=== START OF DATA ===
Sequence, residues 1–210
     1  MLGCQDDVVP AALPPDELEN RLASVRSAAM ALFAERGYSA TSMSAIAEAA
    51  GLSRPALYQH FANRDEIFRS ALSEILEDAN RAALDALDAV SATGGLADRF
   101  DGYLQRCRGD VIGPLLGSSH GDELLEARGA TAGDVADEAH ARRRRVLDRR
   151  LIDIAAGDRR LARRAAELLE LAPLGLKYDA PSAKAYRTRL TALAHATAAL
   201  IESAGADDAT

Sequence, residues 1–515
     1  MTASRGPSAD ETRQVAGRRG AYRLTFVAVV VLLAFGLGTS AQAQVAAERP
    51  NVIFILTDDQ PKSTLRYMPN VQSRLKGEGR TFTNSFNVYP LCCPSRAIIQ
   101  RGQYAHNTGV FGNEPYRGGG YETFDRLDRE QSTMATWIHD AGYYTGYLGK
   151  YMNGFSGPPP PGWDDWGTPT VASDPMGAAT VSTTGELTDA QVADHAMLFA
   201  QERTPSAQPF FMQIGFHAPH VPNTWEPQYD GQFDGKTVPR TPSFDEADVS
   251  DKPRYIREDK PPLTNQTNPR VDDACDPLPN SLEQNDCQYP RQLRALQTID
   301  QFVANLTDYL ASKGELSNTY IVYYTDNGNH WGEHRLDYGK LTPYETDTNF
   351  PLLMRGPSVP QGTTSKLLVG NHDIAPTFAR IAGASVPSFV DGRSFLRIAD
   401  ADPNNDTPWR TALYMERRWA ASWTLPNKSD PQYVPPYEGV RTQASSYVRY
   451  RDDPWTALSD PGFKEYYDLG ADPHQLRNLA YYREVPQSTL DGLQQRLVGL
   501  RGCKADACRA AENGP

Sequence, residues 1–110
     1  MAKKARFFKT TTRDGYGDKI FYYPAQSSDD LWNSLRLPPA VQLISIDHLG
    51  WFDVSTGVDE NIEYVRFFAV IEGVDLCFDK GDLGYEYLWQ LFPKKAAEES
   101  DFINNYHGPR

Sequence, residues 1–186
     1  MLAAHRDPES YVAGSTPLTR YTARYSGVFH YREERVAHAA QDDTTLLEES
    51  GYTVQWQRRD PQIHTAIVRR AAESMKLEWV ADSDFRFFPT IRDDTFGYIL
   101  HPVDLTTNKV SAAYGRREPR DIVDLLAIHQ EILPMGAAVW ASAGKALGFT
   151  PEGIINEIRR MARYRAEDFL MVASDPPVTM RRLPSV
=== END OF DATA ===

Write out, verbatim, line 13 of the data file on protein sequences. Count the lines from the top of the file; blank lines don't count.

   251  DKPRYIREDK PPLTNQTNPR VDDACDPLPN SLEQNDCQYP RQLRALQTID